The full committee markup is scheduled for the following week on Wednesday April 29 at 10:00 AM. HASC chair Rep. Mac Thornberry (R-TX) hopes to take the bill to the House floor in early May.

As in past years, subcommittees are expected to release draft markups on the HASC website before the subcommittee meets.

House defense committee chair proposes acquisition system reforms

Friday, March 27th, 2015

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House Armed Services Committee (HASC) chair Rep. Mac Thornberry (R-TX) introduced a bill containing the first in a series of broad ranging defense acquisition reforms.

During a year-long effort, the committee engaged stakeholders from the Department of Defense (DoD), industry, and Congress to develop proposals for long-term reform of the defense acquisition system. Thornberry called his proposal “the first step on what I expect to be many years of focused work to improve our flawed defense acquisition system.”

The broken acquisition system is contributing to the loss of our military’s technological edge,” Thornberry charged. He said the current system is slow, cumbersome, and often many years late in delivering equipment that frequently under performs and is costly to maintain.

The proposed “Agile Acquisition to Retain Technological Edge Act” would streamline the process, improve accountability, and eliminate outdated regulations, thereby begin “to get some of that edge back,” Thornberry stressed. The bill’s provisions promote a system that is “proactive, agile, transparent, and innovative.”

To be proactive, the bill proposes to empower acquisition officials by removing barriers so that officers can pursue acquisition as a profession. It would provide a “Defense Acquisition Workforce Development Fund” and expedited hiring authority for hiring and training the acquisition workforce. The bill also would give acquisition program managers greater flexibility to address programmatic risk and enable the selection of contract types that best meet program objectives with an appropriate level of risk.

The bill promotes quick program adjustments by allowing program managers to focus on oversight, engineering, and risk management. The proposal would consolidate reporting requirements, streamline the approval process, and identify key considerations that are addressed during the life of the program. The bill also would eliminate “non-productive Departmental legal review” in some cases.

The bill promotes transparency by supporting government and industry communication that is clear and open and the production of auditable financial management statements.

The proposed reform bill would remove barriers that inhibit companies from seeking defense business or proposing new ideas. The bill would promote the use of value engineering to encourage contractors to reduce costs and share savings. The Mentor-protégé Program would be made permanent to improve the linkage small and large defense contractors. Also, the bill would make the Small Business Innovative Research Program permanent to be used “more broadly by the military services and defense agencies.”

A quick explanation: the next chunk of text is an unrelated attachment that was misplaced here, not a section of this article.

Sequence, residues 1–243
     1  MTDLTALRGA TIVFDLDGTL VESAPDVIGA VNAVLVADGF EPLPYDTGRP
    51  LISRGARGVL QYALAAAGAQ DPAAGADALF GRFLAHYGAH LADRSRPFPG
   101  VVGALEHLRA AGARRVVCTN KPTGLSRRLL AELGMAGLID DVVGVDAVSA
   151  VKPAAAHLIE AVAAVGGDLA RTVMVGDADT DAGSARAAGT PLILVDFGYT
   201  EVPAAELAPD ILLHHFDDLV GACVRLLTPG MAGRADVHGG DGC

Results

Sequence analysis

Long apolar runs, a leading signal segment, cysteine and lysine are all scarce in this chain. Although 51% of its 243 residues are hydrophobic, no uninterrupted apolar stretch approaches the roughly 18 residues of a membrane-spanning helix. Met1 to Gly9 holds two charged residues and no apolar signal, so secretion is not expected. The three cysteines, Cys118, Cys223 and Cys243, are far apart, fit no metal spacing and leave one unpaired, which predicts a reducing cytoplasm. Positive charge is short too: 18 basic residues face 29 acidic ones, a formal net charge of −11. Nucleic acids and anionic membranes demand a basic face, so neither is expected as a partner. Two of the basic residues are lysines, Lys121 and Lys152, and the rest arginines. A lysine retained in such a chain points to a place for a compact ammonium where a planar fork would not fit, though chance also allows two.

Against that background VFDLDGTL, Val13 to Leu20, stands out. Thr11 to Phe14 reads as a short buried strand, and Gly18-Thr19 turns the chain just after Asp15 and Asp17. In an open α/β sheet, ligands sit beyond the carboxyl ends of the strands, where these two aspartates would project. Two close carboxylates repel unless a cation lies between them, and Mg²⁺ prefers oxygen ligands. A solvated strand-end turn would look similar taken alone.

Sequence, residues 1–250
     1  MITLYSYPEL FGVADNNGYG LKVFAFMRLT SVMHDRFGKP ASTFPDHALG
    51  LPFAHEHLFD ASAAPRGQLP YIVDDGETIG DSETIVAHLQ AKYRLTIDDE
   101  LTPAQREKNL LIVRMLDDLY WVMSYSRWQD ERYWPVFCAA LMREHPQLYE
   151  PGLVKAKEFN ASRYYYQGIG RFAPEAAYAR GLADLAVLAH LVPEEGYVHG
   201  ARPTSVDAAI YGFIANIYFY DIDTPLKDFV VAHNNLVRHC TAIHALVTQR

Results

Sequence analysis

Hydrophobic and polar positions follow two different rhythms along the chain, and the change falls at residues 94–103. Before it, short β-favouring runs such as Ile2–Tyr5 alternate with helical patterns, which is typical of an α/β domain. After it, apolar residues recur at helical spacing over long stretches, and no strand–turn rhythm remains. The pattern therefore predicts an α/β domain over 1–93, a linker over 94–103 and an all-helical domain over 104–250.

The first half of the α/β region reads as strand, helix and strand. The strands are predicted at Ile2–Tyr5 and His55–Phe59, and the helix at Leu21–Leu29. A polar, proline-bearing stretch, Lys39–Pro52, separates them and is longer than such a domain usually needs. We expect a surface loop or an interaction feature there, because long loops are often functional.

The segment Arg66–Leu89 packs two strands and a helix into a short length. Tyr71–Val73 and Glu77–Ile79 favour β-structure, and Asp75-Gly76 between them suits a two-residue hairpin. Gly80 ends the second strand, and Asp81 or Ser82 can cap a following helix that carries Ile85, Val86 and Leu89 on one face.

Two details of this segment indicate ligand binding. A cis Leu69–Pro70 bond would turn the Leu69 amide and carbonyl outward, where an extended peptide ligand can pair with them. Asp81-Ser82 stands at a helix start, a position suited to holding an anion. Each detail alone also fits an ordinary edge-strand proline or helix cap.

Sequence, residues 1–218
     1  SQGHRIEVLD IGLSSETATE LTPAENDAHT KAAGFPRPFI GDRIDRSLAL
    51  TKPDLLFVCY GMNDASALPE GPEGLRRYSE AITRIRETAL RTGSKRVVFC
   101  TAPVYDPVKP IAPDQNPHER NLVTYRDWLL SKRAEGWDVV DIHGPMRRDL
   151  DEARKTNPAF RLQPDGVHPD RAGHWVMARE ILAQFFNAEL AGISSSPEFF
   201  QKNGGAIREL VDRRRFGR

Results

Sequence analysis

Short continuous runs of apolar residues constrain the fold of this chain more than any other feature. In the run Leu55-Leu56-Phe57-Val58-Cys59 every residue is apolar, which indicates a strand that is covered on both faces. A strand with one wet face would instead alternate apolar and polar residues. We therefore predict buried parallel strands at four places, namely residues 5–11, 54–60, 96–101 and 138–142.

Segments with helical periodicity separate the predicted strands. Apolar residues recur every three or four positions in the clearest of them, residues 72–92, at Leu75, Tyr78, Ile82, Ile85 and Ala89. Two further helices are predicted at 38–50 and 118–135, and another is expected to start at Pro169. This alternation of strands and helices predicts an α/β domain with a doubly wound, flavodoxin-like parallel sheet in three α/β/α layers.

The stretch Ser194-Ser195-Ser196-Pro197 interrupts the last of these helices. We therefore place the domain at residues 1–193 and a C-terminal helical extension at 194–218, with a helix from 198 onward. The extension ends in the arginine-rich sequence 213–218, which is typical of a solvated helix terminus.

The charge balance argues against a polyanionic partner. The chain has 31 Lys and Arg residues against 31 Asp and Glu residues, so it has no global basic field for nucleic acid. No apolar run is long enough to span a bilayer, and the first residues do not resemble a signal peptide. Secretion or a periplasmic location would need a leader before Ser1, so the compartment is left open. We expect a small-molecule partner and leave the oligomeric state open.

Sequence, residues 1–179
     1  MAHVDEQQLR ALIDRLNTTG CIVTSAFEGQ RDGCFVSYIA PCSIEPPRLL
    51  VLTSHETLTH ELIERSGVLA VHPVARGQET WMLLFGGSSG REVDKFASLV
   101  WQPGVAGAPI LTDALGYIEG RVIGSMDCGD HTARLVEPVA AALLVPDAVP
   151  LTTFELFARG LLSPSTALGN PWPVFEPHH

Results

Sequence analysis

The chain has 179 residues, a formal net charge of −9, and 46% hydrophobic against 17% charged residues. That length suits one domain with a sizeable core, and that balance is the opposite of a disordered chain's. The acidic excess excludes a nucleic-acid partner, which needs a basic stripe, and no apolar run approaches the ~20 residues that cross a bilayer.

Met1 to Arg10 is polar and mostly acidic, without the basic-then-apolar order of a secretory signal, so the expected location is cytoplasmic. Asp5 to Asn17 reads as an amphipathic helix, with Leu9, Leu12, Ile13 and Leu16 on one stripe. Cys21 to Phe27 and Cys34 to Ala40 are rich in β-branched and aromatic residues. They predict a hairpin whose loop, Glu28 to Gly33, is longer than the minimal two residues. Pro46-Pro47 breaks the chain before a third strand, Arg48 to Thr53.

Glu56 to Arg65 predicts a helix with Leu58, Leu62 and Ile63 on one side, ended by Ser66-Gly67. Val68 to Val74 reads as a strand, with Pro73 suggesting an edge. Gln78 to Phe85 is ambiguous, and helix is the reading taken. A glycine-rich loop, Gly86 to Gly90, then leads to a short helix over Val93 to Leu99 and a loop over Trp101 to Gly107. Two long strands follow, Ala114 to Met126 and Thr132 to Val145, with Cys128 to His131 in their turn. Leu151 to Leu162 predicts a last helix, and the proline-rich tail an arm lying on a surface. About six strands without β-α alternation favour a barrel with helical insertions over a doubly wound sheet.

Thornberry said the reforms will be considered for inclusion in the FY2016 Defense Authorization bill, which the HASC will take up next month. Ranking Member Rep. Adam Smith (D-WA) co-sponsored Thornberry’s proposals.

Thornberry said he released his recommendations of what he called a “discussion draft” of the bill now because he wanted feedback from the stakeholders. “We listened to a lot of folks as we drafted this bill, and we want to hear from them again before we work to make it law,” he said.

Proposed House Budget Resolution would cut spending by $5.5 trillion, increase defense, but not end sequestration

Friday, March 20th, 2015

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A budget resolution approved by the House Budget Committee (HBC) yesterday would cut $5.5 trillion from federal budgets over the next 10 years and balance the budget by 2024.

HBC Chairman Rep. Tom Price (R-GA) called the resolution “a strong step forward in addressing the nation’s fiscal and economic challenges.”

The annual budget resolution, often referred to as a “congressional budget blueprint,” sets revenue and appropriations targets for the tax writing and appropriations committees, so they can begin work on the president’s budget request.  This is an internal congressional procedure, so the passed budget resolution is not sent to the president for approval.

The HBC plan, “A Balanced Budget for a Stronger America,” would set the FY2016 total federal spending level at $3.8 trillion, about $140 billion less than current policy. Of the $5.5 trillion reduction from 2016 to 2025, $2.2 trillion would come from changes to the health care law and $2.1 trillion from Medicare, Medicaid, and other mandatory programs. The remaining reduction would result from cuts to discretionary programs (-$539 billion) and lower interest payments on the debt ($-798 billion).

The HBC proposal would not end sequestration.

The budget discretionary budget authority for national defense (DoD plus other defense-related spending such as the Department of Energy’s nuclear program) would increase by $387 billion from FY2017 to FY2025, while cutting non-defense budgets by $759 billion over the same period.

In FY2016, the proposed budget would keep defense at the sequester level of $523 billion, but would set funding for Overseas Contingency Operations (OCO) at $90 billion, about $40 billion above the request. The president’s national defense base budget request was $561 billion, $38 billion above the cap.

The committee’s budget resolution would also set up a “Defense Readiness and Modernization Fund” that could be used to increase defense funding is a way that would be considered “deficit-neutral,” just like funding for the OCO account.

House pro-defense supporters urged the committee to approve an amendment adding more defense funds. This concerned so-called “deficit hawks” who are troubled about resulting increases to the deficit, unless they were offset by cuts elsewhere. The House leadership, worried that this standoff could imperil passage of the budget resolution on the house floor, brokered a deal that the Rules Committee would accept an amendment to increase OCO funding to $96 billion, without requiring any offsets, and would not require offsets for the $20 billion “Defense Readiness and Modernization Fund.”

The full House is expected to consider the budget resolution next week